Home of the Practically Perfect Pink Phlox and other native plants for pollinators

Monday, June 16, 2014

Dear Nursery Owners and Nursery Managers, We Need To know....

If the plants you sell are safe for bees.
Native bees, monarch butterflies and a host of other pollinators are in peril from habitat fragmentation and loss, the use of neonicotinoids and other pesticides and herbicides (by the agriculture/horticulture industry and home owners) and the introduction of non-native species are known causes of both wide-scale losses in biological diversity and pollinator declines.(More about neonicotinoids Everywhere you turn people are talking about pollinators post.)

Gardeners are already working hard to help pollinators!

We're planting smarter.

We love beautiful blooms in our gardens, but, we don't stop there... We choose plants that are  attractive to the many pollinators that live in and visit our gardens.

We're planting lots of colorful flowers that are rich in nectar and pollen and are host plants for the offspring of butterflies, moths and other beneficial critters.

We're planting an array of flower shapes that appeal to hummingbirds, bees, moths, flies and butterflies.

We plan for bloom from late spring (native ephemerals) to early winter (witch hazels).

We plants native trees and shrubs because we know they are host plants for hundreds of important critters.

We provide nesting spaces for bees and other critters.

We accept that plants are beautiful even if chewed on by critters and we promise to never, ever, ever, ever use pesticides and herbicides in our gardens.

Dear nursery owners and managers, what are you doing to help gardeners help pollinators?

Are your plants pretreated with neonicotinoids?

If you don't know the answer to that question you should find out, because we cannot and will not buy plants that can harm bees and other beneficial critters!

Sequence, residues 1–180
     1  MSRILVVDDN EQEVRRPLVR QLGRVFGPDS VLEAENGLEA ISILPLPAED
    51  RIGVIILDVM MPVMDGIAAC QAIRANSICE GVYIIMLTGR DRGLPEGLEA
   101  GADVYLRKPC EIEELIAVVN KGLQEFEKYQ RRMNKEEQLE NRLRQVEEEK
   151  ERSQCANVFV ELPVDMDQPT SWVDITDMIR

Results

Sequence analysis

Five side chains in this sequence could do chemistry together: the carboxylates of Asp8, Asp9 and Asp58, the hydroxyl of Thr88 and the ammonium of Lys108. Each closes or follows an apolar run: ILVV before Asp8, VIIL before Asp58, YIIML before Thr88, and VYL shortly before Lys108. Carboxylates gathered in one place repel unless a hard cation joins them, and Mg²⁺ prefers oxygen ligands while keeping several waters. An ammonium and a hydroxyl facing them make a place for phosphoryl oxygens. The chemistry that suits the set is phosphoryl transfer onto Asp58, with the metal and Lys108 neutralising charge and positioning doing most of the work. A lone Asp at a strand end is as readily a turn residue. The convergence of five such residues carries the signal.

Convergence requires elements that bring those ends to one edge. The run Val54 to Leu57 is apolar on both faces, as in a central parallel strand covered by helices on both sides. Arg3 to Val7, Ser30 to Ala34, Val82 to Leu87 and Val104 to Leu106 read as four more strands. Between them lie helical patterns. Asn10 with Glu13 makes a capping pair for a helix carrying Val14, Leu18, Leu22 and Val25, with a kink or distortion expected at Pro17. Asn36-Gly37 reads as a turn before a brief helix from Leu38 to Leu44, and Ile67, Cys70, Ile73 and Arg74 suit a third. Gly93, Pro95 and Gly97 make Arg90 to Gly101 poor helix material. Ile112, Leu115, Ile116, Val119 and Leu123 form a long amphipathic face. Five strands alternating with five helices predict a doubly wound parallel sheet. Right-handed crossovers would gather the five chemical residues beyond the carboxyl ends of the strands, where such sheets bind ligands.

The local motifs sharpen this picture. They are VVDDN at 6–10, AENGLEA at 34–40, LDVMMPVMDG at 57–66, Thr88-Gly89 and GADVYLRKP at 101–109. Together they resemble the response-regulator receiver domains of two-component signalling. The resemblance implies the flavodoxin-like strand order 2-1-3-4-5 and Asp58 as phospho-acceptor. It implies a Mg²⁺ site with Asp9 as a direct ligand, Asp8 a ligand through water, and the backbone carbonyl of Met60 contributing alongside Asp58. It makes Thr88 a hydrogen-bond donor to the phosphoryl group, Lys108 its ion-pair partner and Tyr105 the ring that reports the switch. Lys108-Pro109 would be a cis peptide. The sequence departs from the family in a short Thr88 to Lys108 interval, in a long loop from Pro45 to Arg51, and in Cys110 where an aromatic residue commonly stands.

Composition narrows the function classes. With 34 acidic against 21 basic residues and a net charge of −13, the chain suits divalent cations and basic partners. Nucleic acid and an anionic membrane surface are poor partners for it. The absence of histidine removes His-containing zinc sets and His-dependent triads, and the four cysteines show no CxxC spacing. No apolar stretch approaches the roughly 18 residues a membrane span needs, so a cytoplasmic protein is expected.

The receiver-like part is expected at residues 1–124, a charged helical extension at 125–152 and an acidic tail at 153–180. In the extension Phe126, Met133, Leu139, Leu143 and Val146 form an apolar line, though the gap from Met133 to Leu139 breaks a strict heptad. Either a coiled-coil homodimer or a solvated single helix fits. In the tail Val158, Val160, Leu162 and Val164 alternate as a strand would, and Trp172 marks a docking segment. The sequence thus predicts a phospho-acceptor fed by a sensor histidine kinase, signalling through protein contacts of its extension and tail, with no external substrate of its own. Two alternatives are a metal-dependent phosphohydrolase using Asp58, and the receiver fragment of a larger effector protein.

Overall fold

If you do know the answer, then you need to let us know. Post signs near neonicotinoid free bee friendly plants. Inform your sales people, because smart gardeners ask questions and we expect honest answers.

It's the professional and responsible thing to do.


In case you want to read earlier pollinator posts~

Now Is The Time To Bee-gin Thinking About Bees (
This Is The Place To Bee ( here)
If You Could Plant Only One Plant In Your Garden~Don't (here)
Must Bee The Season of The Witch (here)
Go Bare In Your Garden (here)
We can't All Be Pretty Pollinators (here)
Eye, Eye Skipper, Big Eyed Pollinators (here)
What's In Your Garden (here)
Royalty In The Garden~Monarch Butterfly (here)
Carpenter Bees (here)

Got Wildflowers?(here)
It's Spring and A Gardener's Thoughts Are On Pollinators (here)
The Wildflower and The Bee (here)
A Few Good Reasons To Plant Milkweed (here)
Got Shade? You Can Have Pollinators ( (here)
A Pollinator friendly Shrub (here)
Big Goings On at C and L (here

Where Have All My Pollinators Gone (here)

Other bee posts you might want to read~

Count Yourself Lucky To Have Hover flies (
Bumblebee Hotel (here)
Still Taking Care Of Bzzness (here)
My Sweet Embraceable You (here)


Gail Eichelberger is a gardener and therapist in Middle Tennessee. She loves wildflowers and native plants and thoroughly enjoys writing about the ones she grows at Clay and Limestone. She reminds all that the words and images are the property of the author and cannot be used without written permission.


  1. Thank you. Thank you. Thank you for this blog entry! I'm forwarding the link to all my gardening friends - those who garden using no pesticides and herbicides like me, and especially to neighbors who do!

    1. Thank you Sandy. Forwarding links and sharing information about pesticides that are hurting bees is what we all have to do!

  2. You are oh so right. I am sure most nurserymen don't think about pollinators or their (our) woes. A good thing to happen. Love your photos.

  3. You go, Gail! Well said~ Nurseries should put up signs to celebrate being bee-friendly! Thanks for all you do for the #pollinators.

  4. All the plants I bring to our local farmers market are 100% pesticide free. I think this is a trend that will continue to grow over time. It's what most people want!

  5. Thank you so much for highlighting this Gail!

  6. Happy Pollinator Week, Gail! I agree, it's so important to know. We want to help the pollinators, and we don't want to buy plants that will harm them. Such an important issue--thanks for highlighting it!